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  51. If you’re on Apache, load only the modules you need. I know. Duh. But most folks leave the defaults set, and that may include modules you don’t need.
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  53. If you’re on Apache, learn to use AllowOverride, when you really need DNS lookup, and other tips like FastCGI. Read this to learn all the nerdy goodness. Your server will thank you.
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  55. If you’re on Internet Information Server (IIS), learn performance logging. Then learn your way through the fun, fun, world of IIS tuning. Actually, it’s not that bad. You can start with this Technet page. Just remember to check which IIS version you’re using.
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  57. Learn to use a server accelerator like Squid, or to use Apache or nginx as a caching proxy. Caching proxies and accelerators are designed to do nothing but store your web server’s dynamic pages and deliver them, really quickly, to the public. We’ve seen sites perform up to 3x faster with a Squid server in place.
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The list goes on. A site is never ‘fast enough’. What’s important is that you continuously make it faster. You’ll see better returns, happier visitors and higher rankings.

Opinions expressed in the article are those of the guest author and not necessarily Search Engine Land.

Related Topics: All Things SEO Column | Channel: SEO | How To: SEO | Intermediate

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About The Author: is Chief Marketing Curmudgeon and President at Portent, Inc, a firm he started in 1995. Portent is a full-service internet marketing company whose services include SEO, SEM and strategic consulting.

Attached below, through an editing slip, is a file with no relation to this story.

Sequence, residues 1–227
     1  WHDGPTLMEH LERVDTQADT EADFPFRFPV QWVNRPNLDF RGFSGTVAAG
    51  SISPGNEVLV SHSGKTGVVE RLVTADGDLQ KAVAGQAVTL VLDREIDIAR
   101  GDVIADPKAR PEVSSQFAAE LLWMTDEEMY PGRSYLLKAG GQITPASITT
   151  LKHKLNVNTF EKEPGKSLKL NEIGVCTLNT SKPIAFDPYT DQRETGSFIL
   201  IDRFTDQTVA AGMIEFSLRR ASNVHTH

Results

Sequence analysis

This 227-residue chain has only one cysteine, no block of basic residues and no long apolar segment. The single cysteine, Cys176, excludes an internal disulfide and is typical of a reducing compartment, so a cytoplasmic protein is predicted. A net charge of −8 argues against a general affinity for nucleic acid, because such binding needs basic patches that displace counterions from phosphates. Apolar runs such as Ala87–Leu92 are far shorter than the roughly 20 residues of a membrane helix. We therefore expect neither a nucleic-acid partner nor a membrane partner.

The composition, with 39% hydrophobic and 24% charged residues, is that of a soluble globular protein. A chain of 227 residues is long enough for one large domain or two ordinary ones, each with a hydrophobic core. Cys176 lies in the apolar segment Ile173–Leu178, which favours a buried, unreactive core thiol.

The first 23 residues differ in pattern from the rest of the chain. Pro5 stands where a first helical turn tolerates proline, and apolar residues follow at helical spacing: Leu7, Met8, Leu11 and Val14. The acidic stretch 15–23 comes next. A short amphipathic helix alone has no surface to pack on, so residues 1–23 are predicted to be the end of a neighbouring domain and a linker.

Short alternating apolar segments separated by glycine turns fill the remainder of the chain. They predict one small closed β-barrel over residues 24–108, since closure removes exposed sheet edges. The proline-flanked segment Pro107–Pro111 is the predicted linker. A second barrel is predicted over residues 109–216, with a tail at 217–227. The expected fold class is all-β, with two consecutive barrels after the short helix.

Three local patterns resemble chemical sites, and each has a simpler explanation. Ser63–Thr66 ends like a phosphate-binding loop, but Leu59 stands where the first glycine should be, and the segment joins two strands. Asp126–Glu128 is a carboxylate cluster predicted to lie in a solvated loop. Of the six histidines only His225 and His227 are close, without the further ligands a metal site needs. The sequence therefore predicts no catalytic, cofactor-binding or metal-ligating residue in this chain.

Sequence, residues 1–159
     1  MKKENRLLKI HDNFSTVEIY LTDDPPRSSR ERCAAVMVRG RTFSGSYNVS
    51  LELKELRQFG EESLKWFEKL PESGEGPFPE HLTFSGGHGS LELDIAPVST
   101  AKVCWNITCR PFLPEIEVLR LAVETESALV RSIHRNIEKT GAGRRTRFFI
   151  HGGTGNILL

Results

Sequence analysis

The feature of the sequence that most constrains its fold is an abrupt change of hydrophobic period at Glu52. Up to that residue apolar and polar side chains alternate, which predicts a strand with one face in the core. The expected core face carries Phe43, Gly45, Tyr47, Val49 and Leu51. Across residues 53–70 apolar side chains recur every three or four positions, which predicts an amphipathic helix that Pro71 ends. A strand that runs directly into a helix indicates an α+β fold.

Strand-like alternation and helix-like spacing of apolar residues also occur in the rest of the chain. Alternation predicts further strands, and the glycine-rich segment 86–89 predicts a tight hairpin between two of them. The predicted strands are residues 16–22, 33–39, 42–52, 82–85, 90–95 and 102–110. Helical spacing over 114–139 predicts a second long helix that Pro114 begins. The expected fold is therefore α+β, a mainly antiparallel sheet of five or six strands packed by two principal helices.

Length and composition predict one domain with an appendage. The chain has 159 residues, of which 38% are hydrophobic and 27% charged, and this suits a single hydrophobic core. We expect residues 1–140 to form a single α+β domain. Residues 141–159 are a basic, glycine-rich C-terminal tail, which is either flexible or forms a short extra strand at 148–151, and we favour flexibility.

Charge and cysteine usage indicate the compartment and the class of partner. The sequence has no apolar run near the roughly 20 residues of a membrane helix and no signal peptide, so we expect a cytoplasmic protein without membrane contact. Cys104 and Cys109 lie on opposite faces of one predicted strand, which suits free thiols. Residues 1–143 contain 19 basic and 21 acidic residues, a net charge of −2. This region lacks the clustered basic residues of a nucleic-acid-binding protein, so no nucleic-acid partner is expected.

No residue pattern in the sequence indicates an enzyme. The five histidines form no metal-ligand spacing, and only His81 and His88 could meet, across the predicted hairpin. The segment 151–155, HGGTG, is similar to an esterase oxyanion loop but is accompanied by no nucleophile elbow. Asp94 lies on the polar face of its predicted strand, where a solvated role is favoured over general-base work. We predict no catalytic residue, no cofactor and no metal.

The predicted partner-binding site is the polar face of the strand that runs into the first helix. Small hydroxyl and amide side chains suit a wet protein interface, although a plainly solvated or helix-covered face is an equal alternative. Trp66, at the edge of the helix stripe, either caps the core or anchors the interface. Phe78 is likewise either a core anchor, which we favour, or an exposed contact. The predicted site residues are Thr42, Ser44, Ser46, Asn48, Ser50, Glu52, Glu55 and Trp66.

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  • http://www.hortonwebdesign.com Chris Horton

    Thanks for the post. I’ve heard from both camps on the externally hosted images, however. If there is something wrong with one of those sites, then your site load time ends up suffering. And from what I heard spoken about previously in an old session, you also don’t get the full benefit of the ALT tags. The entry is still in the code, but the relevance gets attributed to the hosting server. Until we’re privy to how Google handles those within their algorithm in relation to relevancy, I think ‘d play it old fashioned. What has anyone else heard on this issue? That could be old news.

  • http://TannerChristensen.com Tanner C

    All such insightful and valuable tips. Really I think the best trick to increasing load times is to simply write good code. You’d be amazed how much faster a style sheet loads when there aren’t a ton of spaces or hard returns.

  • http://www.rimmkaufman.com George Michie

    Great post, Ian. Speed is the killer app. One more tip re: database stuff: make sure you have indexes built out comprehensively and appropriately. Both straight data pulls and especially joins will run ever so much faster if the right indexes are built. It is surprising how often that one critical detail is missed.

  • Ian Williams

    Hi Ian,

    Thanks for writing – very timely.

    Has anyone noticed a change in the WMT ‘site performance’ report, or am I just going crazy?

  • Ian Lurie

    George good point on the indexing. Dunno how I left that out.

  • Ian Lurie

    Chris I’ve found that using a CDN works fine from an indexing standpoint, especially if you create an XML imagemap. But you do want to be careful about which service you use. You want your CDN to SPEED UP your site, not slow it DOWN.

  • http://www.pagerank-seo.com Robert Visser

    A great start Ian. Thx for posting. I’ve found that if I’m able to tweak the code to be 90+% compliant with the guidelines on the W3C MobileOK Validation service, http://validator.w3.org/mobile/ , that page load speed increases. Have also found tweaking .htaccess cache-control to be useful.